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July 30, 2014

A series of six free diabetes education programs begins Tuesday, Aug. 5, 2014, at Liberty Winona Baptist Church in Winona

July 29, 2014

The first of six free classes in the Diabetes Education Empowerment Program (DEEP) will be held from 5:30 p.m. to 7:30 p.m. Tuesday, Aug. 5, at Liberty Winona Baptist Church, 14362 FM 2015 in Winona.

The two-hour classes are sponsored by the Center for Rural Community Health at UT Health Northeast.

At the free classes, you will learn about diabetes risk factors and complications, as well as how to manage diabetes through better nutrition and physical activity.

Topics include how to correctly use a glucose meter, how to access community resources, and how to build a partnership with your diabetes healthcare team. DEEP is based on national diabetes care and self-management recommendations and guidelines.

You will:
• Find out how diabetes affects your body
• Make sense of your blood sugar numbers
• Meet others who have diabetes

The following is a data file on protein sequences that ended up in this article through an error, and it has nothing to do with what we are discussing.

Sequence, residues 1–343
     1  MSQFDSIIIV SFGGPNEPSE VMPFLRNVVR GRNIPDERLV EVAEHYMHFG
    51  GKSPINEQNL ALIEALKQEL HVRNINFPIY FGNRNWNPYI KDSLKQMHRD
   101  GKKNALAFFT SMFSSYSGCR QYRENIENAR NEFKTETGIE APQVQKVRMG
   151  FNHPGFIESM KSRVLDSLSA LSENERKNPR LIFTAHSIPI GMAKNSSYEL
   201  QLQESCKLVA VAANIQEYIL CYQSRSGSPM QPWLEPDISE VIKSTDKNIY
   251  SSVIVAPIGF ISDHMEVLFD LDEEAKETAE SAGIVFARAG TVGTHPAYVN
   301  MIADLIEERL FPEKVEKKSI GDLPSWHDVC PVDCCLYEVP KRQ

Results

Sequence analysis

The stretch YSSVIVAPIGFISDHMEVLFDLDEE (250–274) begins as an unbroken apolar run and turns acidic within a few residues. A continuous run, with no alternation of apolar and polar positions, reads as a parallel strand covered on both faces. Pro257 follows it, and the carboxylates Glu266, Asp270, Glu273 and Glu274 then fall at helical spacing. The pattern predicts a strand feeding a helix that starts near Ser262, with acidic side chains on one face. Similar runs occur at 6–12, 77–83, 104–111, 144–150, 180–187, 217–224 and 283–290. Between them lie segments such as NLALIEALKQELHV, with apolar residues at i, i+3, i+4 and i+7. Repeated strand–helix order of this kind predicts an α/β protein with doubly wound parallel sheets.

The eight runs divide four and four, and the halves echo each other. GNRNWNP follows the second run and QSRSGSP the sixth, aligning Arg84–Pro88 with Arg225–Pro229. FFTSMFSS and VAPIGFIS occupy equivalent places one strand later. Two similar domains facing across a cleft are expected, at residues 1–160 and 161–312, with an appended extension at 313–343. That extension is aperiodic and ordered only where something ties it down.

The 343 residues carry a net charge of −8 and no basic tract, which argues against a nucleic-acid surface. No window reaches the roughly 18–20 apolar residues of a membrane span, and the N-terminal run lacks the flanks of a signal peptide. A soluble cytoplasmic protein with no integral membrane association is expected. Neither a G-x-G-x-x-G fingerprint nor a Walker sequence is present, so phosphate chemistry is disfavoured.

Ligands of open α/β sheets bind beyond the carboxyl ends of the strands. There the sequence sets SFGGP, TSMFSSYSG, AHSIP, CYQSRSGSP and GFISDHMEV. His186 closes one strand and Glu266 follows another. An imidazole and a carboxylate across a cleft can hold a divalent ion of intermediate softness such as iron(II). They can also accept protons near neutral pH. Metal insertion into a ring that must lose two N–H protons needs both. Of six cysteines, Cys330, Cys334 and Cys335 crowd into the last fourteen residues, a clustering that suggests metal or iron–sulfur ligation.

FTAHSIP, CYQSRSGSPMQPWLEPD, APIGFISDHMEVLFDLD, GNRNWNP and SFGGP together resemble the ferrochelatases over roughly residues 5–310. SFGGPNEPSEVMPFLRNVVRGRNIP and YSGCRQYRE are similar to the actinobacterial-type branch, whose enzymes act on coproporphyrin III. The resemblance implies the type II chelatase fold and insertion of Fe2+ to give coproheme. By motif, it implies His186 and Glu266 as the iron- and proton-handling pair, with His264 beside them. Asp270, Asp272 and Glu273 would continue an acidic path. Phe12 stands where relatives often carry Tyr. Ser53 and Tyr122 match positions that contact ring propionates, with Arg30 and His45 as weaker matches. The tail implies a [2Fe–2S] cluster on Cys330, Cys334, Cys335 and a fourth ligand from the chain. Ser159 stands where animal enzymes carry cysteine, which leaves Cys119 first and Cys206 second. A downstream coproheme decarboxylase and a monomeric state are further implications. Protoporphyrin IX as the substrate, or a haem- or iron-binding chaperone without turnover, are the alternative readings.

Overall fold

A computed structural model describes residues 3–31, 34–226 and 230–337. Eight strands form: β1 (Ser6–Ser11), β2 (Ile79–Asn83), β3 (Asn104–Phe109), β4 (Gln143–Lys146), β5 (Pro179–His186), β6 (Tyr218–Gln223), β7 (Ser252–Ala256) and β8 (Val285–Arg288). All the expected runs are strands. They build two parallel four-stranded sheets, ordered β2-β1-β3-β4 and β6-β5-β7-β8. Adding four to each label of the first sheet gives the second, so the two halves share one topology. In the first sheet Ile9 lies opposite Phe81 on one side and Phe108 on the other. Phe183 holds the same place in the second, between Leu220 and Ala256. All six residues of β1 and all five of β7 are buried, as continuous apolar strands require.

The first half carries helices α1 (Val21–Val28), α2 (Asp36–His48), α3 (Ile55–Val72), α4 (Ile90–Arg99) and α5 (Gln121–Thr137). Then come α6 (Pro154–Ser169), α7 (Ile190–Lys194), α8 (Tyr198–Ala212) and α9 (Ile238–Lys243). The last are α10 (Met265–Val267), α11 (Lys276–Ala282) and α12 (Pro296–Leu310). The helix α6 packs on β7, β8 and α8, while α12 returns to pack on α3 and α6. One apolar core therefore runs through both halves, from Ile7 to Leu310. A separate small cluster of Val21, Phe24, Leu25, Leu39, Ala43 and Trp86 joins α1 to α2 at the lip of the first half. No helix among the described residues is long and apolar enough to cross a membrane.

• Have fun learning in a small group through games, activities, and supportive conversations.

The remaining five classes will take place at the same time on consecutive Tuesdays: Aug. 12, Aug. 19, Aug. 26, Sept. 2, and Sept. 9.

The seminars are free, but registration is recommended. Reserve your place by calling (903) 877-8936 or emailing elisa.castaneda@uthct.edu.

For 65 years, UT Health Northeast has provided excellent patient care and cutting-edge treatment, specializing in pulmonary disease, cancer, heart disease, and primary care. Its annual budget of $150 million represents a major economic impact of over $350 million for Northeast Texas. Since 2004, scientists in the Biomedical Research Center have been awarded more than $122 million research dollars. As the university medical center for Northeast Texas, its graduate medical education programs – with residencies in family medicine and occupational medicine – provide doctors for many communities across the state and beyond. It also sponsors the residency program in internal medicine at Good Shepherd Medical Center in Longview. For more information, visit www.uthealth.org.

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